Hokey Fright by The Uncluded

Hokey Fright is the debut album from The Uncluded, a two person team of Aesop Rock (who you may know from a song featured on Nike+iPod) and Kimya Dawson (who you may remember from the Juno soundtrack). On opening the Amazon parcel the first thing I noticed was the CD case itself; a folded card case with light coloured artwork of the two musicians as old people. Inside, there is more artwork of them catching a frog, and the only booklet is a guide titled ‘How To Catch A Frog’.

Both musicians are skilled songwriters, whose lyrics are complex and personal, and both voices are easily recognisable. Working together, the words and voices stand apart and fit together in a hard-to-describe way, just as the genre itself is hard to define. The familiar elements of each artist are there, and fans of either will not be disappointed. Kimya Dawson’s fans may remember hearing him on her last album, Thunder Thighs; he features on Miami Advice, Zero or a Zillion, The Library, Walk Like Thunder and Captain Lou. Likewise, Aesop Rock’s fans may remember hearing her on his last album, Skelethon; she features on Crows 1 and Racing Stripes.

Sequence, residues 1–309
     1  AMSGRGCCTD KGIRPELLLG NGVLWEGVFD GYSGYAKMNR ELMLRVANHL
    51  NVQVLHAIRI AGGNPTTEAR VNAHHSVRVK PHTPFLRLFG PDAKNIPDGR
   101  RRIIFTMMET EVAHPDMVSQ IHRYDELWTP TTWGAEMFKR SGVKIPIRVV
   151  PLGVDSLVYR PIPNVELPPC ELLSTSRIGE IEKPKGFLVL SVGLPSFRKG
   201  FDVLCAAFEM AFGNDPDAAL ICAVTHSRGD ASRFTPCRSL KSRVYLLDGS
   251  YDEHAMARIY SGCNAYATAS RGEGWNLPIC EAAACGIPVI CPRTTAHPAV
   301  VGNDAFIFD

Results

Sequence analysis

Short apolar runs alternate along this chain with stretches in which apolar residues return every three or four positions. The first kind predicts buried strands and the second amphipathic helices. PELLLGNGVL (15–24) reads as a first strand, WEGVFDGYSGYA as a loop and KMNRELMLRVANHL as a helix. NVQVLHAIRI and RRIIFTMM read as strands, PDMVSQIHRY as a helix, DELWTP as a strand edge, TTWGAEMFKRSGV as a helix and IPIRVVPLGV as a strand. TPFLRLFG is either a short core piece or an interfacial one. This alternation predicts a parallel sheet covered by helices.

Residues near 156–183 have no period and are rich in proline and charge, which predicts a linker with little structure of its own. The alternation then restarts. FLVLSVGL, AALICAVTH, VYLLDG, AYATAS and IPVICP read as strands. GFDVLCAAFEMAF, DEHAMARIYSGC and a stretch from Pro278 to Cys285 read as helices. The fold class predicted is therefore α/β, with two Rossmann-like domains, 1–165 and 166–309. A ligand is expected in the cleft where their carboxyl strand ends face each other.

Coming to the album as a Kimya Dawson fan, it was both greatly enjoyable and familiar. In a manner typical to her, there were songs that filled me with joy and songs that made me cry, although not for obvious reasons, even to myself. To Aesop Rock fans, it is presumably just as enjoyable and similar, and manages to do what it is that makes them fans.

Starting with the strange Kryptonite and ending with the upbeat Tits Up, this album is as odd, compared with much mainstream music, as the frog-catching booklet. While this is to be expected and loved by fans, it could be offputting to new listeners to the duo. As it is a fantastic album, and as a debut it suggests that The Uncluded are fantastic, it is more than worth it for those unfamiliar with either artist to listen to a song or two to get a feel for the music, before attempting to listen to the album in full.

As well as being the kind of music that I feel everyone deserves to hear, the messages in the songs are positive; Organs reminds you to give away your ‘pieces’ when you die, and to remember that you may need somebody else’s ‘pieces’ one day. Likewise, the things Kimya Dawson tells herself in Teleprompters, “I am beautiful, I am powerful, I am strong and I am lovable.” are things that she, at the same time, is saying about you and telling you to tell yourself more.

Overall, it is worth repeating that I think Hokey Fright is an album everyone deserves to hear, in the same way your favourite food is something you think everyone deserves to eat. It’s impossible to really explain the feeling I felt getting the album in the post, or listening to it through the first time, but I imagine it’s similar to the feeling anyone gets with a new album by their favourite band or singer.

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